by Jallicia Jolly
On January 20, we witnessed yet another apocalyptic moment in world history: the inauguration of President Donald Trump. Many of us watched with intense uncertainty and sheer saltiness as President 45 accepted the keys to the Oval Office and the nuclear codes, following one of the most fear-based elections in the United States’s history. I watched the tragedy with deep awe and sadness as former President Barack Obama and former First Lady Michelle Obama greeted the new First Family.
While it’s customary for the new FLOTUS to bring a gift for the outgoing FLOTUS, this particular exchange is abhorrent when situated within broader histories of white supremacy and anti-black(woman)ness. I cringed at the sight of Melania’s blue Tiffany’s box. Melania’s gift-giving reminds me of the next-door neighbor who really wants to greet you with contempt, yet insists on making you apple pie as a wanna-be polite gesture. The pie, an American symbol of comfort and familiarity, is burnt to the core and its less-than-stellar crust is hardly edible, yet your acceptance seals the stamp of benevolence and belonging on the part of the giver.
This form of gift-giving falls in line with an American tradition—a tradition that includes the simultaneous hypervisibility and invisibility of Black women as they are subjected to processes of devaluation.
Considering President Donald Trump’s platform of misogyny, racism, and xenophobia, this performance of intimacy is visceral. When coupled with Melania’s plagiarism at the Republican National Convention and ongoing cooptation of black people’s narratives, this poor performance of graceful parting is laced with the anti-black(woman)ness that subjects Black women’s labor and experiences to erasure as it places middle- and upper-class white men, women, and children within the apex of privilege and people of color in its lethal periphery.
Michelle’s inauguration face registered the moral meaning of public contempt. It renders visible the compromised space Black woman navigate as they are forced to adhere to the logics of U.S. patriotism and its blatant disregard and subjugation of people of color generally, and Black people in particular. We saw this in the use of black female grief and trauma as a political strategy at the Democratic National Convention to solidify Hillary Clinton’s connection to Black communities. We see this in historically racist and sexist economic practices that cement our financial insecurity. We also see this in the functioning of the child welfare and criminal justice systems that work to deny Black women the right to parent as they blame us for the destruction of Black communities.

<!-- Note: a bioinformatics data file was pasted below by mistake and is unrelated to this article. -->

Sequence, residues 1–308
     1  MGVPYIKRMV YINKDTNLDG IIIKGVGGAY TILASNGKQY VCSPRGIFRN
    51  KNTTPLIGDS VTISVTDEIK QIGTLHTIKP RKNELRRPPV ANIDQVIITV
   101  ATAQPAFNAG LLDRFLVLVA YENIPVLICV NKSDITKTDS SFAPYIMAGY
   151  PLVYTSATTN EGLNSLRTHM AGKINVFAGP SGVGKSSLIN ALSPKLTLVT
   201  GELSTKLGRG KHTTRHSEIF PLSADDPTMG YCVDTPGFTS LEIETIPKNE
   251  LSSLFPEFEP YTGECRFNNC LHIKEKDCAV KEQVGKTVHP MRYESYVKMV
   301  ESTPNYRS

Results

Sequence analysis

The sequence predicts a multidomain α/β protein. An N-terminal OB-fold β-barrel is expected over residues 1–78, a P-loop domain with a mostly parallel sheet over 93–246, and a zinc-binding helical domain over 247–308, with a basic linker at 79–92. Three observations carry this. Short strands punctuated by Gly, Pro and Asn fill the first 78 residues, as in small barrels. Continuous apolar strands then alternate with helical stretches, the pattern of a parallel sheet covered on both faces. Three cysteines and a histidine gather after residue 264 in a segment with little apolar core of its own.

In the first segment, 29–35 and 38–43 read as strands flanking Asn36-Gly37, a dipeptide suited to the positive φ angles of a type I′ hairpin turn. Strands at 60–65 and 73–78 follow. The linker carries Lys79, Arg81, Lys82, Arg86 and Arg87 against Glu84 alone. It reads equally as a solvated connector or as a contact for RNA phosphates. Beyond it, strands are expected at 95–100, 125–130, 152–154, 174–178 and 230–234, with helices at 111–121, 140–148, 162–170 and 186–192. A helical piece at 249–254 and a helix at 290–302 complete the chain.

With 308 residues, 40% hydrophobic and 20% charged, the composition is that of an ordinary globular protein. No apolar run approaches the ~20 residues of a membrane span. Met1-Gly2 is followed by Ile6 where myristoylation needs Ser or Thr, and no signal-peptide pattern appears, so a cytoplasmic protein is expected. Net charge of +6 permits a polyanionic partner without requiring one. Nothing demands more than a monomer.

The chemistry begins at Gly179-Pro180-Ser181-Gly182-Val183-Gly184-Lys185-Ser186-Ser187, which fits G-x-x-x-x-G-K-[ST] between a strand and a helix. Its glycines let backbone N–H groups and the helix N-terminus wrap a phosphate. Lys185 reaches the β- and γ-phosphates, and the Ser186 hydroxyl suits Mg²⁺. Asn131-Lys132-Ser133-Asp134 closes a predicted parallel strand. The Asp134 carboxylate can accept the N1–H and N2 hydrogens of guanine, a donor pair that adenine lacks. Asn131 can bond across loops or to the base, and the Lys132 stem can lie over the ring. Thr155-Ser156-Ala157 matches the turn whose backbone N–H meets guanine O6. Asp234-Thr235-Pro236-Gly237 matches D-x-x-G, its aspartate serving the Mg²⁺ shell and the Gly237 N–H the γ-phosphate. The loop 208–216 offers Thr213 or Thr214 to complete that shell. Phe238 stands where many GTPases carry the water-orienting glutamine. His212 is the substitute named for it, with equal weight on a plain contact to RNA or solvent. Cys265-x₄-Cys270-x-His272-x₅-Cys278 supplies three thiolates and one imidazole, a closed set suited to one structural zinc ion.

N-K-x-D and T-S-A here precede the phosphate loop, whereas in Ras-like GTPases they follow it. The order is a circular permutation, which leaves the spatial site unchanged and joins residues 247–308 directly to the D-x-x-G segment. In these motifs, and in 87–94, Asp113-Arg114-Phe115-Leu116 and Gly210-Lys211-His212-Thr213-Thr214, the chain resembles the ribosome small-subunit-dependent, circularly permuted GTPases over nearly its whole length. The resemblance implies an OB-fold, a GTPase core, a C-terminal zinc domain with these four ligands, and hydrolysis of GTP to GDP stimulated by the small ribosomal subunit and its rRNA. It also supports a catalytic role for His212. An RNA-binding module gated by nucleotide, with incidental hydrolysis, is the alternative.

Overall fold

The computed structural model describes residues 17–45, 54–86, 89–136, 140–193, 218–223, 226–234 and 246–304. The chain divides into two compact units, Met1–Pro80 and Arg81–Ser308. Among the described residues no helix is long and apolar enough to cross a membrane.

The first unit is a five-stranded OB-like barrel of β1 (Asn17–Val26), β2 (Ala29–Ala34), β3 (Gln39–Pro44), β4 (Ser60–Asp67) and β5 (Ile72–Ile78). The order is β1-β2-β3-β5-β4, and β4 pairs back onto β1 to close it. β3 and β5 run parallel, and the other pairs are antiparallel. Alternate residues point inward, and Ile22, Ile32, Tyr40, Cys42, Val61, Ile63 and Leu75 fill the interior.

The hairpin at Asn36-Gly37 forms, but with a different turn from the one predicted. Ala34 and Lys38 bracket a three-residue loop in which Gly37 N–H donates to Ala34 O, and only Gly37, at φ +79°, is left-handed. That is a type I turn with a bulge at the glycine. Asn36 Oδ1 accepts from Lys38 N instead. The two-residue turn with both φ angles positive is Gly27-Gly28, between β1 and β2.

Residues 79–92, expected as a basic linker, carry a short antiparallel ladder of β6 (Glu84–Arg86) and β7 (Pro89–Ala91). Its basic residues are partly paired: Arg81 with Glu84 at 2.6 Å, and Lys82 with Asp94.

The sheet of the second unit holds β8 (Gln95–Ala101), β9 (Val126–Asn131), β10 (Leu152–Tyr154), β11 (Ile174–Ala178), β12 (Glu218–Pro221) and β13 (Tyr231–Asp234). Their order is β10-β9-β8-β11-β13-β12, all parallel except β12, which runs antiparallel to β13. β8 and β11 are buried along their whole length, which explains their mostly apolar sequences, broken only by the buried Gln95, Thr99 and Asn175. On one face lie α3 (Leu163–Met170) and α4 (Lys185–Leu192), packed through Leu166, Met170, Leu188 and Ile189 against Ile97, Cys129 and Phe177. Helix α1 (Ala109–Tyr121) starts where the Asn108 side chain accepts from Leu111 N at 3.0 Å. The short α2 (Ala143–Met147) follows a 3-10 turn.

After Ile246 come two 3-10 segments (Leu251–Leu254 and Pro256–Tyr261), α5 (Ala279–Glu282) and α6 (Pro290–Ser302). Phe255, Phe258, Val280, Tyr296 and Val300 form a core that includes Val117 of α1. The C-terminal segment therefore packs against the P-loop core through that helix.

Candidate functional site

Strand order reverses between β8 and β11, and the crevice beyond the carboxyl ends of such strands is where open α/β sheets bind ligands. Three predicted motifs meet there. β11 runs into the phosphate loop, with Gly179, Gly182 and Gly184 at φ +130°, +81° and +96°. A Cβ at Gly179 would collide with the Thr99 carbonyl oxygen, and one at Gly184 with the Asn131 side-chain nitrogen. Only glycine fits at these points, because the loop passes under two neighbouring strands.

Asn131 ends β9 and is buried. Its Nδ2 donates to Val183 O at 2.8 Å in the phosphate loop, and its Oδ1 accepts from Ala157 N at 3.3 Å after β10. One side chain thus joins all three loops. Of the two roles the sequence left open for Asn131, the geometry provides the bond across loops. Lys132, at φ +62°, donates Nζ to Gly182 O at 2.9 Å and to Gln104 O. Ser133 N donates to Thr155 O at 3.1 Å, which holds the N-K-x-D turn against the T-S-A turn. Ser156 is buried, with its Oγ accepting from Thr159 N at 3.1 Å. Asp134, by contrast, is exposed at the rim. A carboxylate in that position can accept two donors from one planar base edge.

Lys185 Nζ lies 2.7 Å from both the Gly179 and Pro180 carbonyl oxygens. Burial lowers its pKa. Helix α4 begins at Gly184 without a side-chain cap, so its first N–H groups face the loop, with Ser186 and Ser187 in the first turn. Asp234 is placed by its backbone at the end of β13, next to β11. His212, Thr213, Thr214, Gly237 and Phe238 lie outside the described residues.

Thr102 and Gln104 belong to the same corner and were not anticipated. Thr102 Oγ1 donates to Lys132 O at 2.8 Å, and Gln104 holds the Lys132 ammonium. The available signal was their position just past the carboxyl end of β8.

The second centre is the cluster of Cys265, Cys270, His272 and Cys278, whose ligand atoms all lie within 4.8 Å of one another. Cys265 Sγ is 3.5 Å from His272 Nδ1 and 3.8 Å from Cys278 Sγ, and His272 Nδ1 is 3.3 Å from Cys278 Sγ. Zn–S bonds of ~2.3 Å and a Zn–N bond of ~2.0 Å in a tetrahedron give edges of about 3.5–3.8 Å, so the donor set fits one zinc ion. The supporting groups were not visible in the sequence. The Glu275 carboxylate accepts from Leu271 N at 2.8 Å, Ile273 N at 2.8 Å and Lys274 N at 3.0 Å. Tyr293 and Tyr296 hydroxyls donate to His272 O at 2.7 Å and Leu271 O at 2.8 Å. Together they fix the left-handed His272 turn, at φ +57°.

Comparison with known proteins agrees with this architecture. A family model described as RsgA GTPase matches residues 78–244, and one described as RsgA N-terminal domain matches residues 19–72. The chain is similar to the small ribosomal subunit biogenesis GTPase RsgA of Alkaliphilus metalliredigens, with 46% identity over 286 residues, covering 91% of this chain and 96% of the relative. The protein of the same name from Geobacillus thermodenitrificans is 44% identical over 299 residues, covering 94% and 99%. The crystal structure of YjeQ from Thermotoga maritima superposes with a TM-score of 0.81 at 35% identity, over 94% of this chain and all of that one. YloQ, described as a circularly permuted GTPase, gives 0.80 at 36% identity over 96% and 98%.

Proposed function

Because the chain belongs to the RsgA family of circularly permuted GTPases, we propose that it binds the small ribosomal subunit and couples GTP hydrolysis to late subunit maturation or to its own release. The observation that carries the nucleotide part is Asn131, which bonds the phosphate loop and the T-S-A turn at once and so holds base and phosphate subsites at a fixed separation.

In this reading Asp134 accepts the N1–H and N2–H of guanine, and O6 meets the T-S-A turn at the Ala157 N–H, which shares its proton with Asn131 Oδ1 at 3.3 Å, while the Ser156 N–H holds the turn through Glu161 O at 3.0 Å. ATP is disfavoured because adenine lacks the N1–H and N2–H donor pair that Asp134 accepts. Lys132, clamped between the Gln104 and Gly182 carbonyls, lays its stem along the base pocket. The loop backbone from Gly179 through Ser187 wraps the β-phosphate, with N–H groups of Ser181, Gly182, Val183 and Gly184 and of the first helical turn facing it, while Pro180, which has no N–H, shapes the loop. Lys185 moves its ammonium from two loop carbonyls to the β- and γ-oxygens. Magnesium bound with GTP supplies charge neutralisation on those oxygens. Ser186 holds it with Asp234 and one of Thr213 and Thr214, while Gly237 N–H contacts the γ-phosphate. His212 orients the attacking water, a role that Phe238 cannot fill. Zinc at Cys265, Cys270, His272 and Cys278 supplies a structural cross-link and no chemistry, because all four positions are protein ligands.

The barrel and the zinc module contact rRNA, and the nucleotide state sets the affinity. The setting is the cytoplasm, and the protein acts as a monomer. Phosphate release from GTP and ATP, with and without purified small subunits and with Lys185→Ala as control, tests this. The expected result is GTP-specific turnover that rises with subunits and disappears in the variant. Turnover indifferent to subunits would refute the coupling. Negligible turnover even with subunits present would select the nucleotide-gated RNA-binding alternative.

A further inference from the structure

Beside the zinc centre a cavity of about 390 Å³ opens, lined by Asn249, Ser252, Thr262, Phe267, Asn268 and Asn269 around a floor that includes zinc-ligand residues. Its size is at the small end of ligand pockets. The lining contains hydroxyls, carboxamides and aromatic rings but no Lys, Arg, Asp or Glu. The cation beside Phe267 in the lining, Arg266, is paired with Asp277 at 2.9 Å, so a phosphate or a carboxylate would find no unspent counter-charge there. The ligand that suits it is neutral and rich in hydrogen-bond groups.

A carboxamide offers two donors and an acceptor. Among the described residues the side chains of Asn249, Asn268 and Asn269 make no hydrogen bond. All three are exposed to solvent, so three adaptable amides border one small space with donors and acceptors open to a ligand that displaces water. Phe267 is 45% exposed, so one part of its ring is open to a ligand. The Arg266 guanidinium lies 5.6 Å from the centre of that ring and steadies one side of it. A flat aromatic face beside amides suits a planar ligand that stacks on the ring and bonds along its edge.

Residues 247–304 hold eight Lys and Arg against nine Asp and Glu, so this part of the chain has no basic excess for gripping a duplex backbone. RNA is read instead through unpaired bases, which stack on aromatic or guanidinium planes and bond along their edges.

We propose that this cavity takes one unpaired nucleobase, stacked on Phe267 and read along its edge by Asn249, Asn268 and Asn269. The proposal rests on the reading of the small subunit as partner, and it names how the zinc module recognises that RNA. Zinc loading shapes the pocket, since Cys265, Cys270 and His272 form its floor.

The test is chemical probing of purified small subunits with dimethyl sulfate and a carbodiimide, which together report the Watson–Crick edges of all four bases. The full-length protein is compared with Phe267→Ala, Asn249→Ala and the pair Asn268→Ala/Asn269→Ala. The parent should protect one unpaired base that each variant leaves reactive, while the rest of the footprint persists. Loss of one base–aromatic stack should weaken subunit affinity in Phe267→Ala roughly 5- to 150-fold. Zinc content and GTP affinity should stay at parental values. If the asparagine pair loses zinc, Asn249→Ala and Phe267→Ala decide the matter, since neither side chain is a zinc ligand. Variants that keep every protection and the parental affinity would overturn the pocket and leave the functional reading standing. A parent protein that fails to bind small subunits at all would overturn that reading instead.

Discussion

It was in Michelle’s sullen face and watery eyes that I, yet again, felt the weight of what it means to live while Black and women in this country. We are low priority on the national agenda. We are hyper visibile in a toxic moral landscape historically invested in our violent denigration. We are in a state of being perpetually disposable as we are told that we should be defenseless, unpitiable, and, thus, undeserving. We juggle national and communal expectations as we manage the imposition of values, beliefs, and behaviors that are against our very existence. It requires a process that almost never encourages us to just be, forbidding us to invest in any form of full selfhood unless it services the interests and needs of anything and anyone but us—white men, white women, and Black men.
As I watched the torch passing of this new age of American empire, I thought about the ongoing exchanges and sacrifices Black women are often forced to participate in—resistance for “patriotism” and racial solidarity for gender equality, to name a couple. I imagined the stress of our dehumanization displayed by our devaluation in public policy, media, institutions and even our own communities. I pondered the psychic toll that arises from the quotidian terrors we face while trying to do our own things on our own terms in spaces that tell us we are not deserving of life, honor, and pleasure.
The ongoing juxtaposition of a “classy” Melania and a “primitive” Michelle highlights a reality: even if Black women display the most committed forms of patriotism, we are still expected to accept the justification of our violation even as we become the symbol for the Pandora’s Box of American trauma.
And amidst it all, I remember the words, “when they go low, we go high.” I remember the political possibilities beyond the base dehumanization. I imagine the spaces of resistance and restoration that can allow us to dismantle systems of violence as they encourage us to transform our homeplaces and communities. I recollect the relationships that inform our strategic visions as they cultivate our minds, hearts, and souls. I think about the people that help create a present worth living and a future worth dreaming.
Needless to say, I am here for Michelle’s side eyes.
Jallicia Jolly is a writer, poet, and PhD student studying HIV/AIDS and reproductive justice in the U.S. and Caribbean. Jolly co-leads Resist.Restore. – a global-health-art organization that uses performance art, research, and community engagement to address health disparities in African diasporic communities in Brooklyn, Haiti, and Jamaica. Follow her on twitter: @jallicia